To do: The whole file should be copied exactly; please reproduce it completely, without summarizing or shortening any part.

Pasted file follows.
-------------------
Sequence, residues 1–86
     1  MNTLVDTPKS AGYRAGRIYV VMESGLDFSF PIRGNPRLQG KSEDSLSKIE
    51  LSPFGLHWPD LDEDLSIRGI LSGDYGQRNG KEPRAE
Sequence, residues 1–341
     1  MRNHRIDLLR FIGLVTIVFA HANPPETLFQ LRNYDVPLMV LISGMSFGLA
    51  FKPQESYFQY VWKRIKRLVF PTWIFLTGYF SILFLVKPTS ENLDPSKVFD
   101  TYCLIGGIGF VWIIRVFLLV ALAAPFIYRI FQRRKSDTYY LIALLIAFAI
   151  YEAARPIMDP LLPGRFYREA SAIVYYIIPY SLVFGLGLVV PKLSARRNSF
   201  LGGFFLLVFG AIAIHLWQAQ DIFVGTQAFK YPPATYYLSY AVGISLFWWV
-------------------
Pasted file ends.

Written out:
Sequence, residues 1–86
     1  MNTLVDTPKS AGYRAGRIYV VMESGLDFSF PIRGNPRLQG KSEDSLSKIE
    51  LSPFGLHWPD LDEDLSIRGI LSGDYGQRNG KEPRAE
Sequence, residues 1–341
     1  MRNHRIDLLR FIGLVTIVFA HANPPETLFQ LRNYDVPLMV LISGMSFGLA
    51  FKPQESYFQY VWKRIKRLVF PTWIFLTGYF SILFLVKPTS ENLDPSKVFD
   101  TYCLIGGIGF VWIIRVFLLV ALAAPFIYRI FQRRKSDTYY LIALLIAFAI
   151  YEAARPIMDP LLPGRFYREA SAIVYYIIPY SLVFGLGLVV PKLSARRNSF
   201  LGGFFLLVFG AIAIHLWQAQ DIFVGTQAFK YPPATYYLSY AVGISLFWWV